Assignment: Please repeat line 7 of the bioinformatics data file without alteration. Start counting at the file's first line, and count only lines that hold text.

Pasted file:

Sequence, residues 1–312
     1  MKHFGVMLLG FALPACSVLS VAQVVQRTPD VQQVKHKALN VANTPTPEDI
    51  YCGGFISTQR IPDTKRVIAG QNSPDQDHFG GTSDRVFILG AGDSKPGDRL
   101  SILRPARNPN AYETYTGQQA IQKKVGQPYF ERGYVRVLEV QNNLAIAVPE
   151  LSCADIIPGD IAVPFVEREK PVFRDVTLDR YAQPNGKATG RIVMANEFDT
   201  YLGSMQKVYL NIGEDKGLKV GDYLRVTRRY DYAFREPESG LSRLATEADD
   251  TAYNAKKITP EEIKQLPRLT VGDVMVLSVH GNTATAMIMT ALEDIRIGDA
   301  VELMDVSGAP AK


   251  TAYNAKKITP EEIKQLPRLT VGDVMVLSVH GNTATAMIMT ALEDIRIGDA